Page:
[pilot name] [corp] <alliance> (online) // Drake (1560855321) "Cinderella" // Ruerrotta IV - Moon 2 - Combined Harvest Plantation

How was this used in Alliance Tournaments?  Glad you asked.  The claim being tossed around is that Pandemic Legion, knowing the names of the pilots that would probably be flying against them in matches, would run this Python injection against all of those pilot names in the minutes leading up to an AT match.  While the pilots they were to fly against were waiting for a GM to move them to the tournament grounds, PL would be supplied with the exact ship types of the ships they were sitting in.

Again, this could be a troll.  It would be trivial to forge these logs.  But it sure sounds plausible given the dramatic success PL had in past ATs, doesn't it?  At the time, we all assumed it was because PL just had good spies in the alliances they were flying against.  But it strikes me as just as likely that they had a mole working for them: the game itself.


  1. I'm surprised you havn't heard of the Sphere before Jester...

    PL fishing team, half of the PL supercapital fleet local cloaked, the PL suicide gank tool and the newly updated autoscanner.


  2. And then you got incarna, that changed this mechanic. With incarna, when you are docked, you arent in a ship anymore and so this fails.
    And then PL looses last AT and gives the excuse that their spy network wasnt good enough to find Hydra fits... They just couldnt use this trick anymore!

    Now we know what is The Sphere!!! Its the eve client....

  3. This seems... too conveniant and easy to be true.

    And think about it; PL are known for their spy network and metagaming -- bringing the right counter to an enemy setup is what they do best (even if it's just a supercap blob) -- /and/ their theorycrafters are great.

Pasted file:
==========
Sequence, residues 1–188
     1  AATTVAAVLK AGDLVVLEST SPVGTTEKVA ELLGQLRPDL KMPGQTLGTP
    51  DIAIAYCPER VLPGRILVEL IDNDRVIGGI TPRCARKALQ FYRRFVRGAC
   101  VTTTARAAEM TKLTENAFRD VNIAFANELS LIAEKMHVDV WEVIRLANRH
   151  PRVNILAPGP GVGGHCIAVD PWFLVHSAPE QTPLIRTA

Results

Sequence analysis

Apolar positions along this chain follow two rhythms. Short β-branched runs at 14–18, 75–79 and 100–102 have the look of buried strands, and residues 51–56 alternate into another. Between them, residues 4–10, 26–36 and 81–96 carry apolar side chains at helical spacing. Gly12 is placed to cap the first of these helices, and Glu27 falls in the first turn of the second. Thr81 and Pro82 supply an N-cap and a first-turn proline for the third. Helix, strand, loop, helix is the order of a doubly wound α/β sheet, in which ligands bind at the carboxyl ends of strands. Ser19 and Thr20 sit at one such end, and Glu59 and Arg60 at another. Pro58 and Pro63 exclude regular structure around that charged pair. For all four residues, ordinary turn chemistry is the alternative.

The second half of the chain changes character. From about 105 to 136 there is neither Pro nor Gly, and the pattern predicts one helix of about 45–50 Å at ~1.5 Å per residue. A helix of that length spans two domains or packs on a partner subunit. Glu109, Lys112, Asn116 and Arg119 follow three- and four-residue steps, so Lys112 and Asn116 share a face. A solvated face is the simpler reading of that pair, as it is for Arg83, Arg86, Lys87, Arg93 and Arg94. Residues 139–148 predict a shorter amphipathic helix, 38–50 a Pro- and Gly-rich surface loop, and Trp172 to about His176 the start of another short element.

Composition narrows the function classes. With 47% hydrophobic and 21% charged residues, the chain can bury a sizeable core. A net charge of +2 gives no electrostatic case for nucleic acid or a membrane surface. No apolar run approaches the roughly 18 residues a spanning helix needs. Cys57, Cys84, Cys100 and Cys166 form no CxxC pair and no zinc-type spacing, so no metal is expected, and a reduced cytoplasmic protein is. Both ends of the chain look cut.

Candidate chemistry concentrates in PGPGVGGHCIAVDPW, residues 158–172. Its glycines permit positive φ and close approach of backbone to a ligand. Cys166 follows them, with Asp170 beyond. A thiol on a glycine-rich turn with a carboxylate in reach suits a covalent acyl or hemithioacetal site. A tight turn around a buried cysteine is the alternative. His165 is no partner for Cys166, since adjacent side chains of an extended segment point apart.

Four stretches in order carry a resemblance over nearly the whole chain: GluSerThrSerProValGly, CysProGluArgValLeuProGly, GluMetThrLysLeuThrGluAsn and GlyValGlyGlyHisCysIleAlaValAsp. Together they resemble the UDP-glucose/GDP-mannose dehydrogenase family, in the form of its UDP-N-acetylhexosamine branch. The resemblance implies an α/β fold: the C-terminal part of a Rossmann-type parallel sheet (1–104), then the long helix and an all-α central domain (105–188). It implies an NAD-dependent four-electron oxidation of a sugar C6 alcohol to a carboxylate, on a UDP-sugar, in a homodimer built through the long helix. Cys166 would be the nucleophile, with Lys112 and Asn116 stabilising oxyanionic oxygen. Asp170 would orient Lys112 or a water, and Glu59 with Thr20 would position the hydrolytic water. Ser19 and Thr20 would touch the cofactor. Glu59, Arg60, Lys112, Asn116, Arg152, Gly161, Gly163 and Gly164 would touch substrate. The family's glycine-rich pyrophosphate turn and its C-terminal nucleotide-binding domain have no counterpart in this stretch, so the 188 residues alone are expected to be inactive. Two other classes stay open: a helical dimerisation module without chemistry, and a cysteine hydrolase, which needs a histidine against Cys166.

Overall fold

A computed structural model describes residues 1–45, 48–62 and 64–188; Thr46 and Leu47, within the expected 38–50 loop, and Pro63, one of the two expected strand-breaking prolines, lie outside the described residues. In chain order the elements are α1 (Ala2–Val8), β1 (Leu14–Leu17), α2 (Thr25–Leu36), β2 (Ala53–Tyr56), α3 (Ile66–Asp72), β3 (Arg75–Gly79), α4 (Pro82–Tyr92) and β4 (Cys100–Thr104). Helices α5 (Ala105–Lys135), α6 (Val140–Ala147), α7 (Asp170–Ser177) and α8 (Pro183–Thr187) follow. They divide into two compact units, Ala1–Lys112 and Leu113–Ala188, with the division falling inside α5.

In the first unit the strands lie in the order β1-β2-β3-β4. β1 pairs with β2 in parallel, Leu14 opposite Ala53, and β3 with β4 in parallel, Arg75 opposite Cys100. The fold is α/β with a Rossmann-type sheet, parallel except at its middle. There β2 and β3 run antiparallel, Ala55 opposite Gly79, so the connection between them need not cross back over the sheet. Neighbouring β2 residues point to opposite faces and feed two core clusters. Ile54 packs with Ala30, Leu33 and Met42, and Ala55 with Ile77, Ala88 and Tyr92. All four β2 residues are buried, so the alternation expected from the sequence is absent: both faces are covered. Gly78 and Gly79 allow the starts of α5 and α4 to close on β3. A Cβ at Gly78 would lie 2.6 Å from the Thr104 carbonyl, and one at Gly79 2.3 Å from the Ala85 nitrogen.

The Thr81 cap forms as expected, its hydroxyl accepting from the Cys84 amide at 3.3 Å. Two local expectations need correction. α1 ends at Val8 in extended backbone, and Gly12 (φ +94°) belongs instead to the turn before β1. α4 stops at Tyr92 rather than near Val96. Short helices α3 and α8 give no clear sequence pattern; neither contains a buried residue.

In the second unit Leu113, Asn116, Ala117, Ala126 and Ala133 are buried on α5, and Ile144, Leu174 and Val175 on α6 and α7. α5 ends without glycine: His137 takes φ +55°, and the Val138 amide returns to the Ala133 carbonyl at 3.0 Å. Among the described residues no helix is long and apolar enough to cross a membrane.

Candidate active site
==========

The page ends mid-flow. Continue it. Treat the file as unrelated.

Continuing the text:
People who exploit rarely take less than full advantage of their upper hand if they can get away with it and PL have been participating in- and winning in many alliance tournaments; tournaments where - if the source is to be trusted - this technique was used. Of course, sooner or later leaks occur; someone finds out about your dirty little secret - the more you use it, the sooner it happens - and yet this particular 'leak' occurs /just/ before this upcomming alliance tournament. Not last year; not the year before; /this/ year, not long after there was a bunch of whining about PL not getting Hydra'd from the tournament.

    Coincidence? I think not. ;-)

  4. i swear, sometimes i find methods of cheating more interesting than the actual game.

  5. I think the IRC logs are trolls (anything posted by MS), but the old locator stuff is legit.

  6. Nah, just a troll. Probably by a bitter banned Hydra/OB pilot.

    If you go back and watch the past ATs (available on CCP's Youtube channel), esp. the ones where PL first dominated, you'll notice that they simply had some damn interesting and unique setups (which were later copied by everyone and their mothers) and knew how to use them effectively. Whereas their opponents either brought "standard" small gang PVP setups or weird setups which were simply fail, and/or were not as well coordinated as a team. It is pretty obvious from watching the matches that they didn't need to cheat to win.

    As for last year, if PL had known their opponent's setup, in advance, it is likely that they would not have lost as early as they did.

    It is far more likely that Hydra and OB were the ones actually using this exploit last year, given how both of them - best 'o buddies - coincidentally, managed to make it to the finals. As demonstrated this year, cheating doesn't really bother them.


    1. LOL. It either IS a troll and the method is false or it ISN'T a troll and the method is real. It isn't a troll AND real AND used by the other guy. You're funny.

  7. If true, (and that is a big if)

    Could it be that some ex-CCP employees in PL knew about this?

    If so, what should the consequenses be?

    This might get interesting....

  8. No1 programming rule: the client is in the hand of the enemy. The client shall never know information that we don't want to share with the user.

    So if the EVE client can make erroneous calls, it should only get a generic "an error occured" message. Anything else is some capital fail on CCPs part.

  9. Troll? Nope, not likely.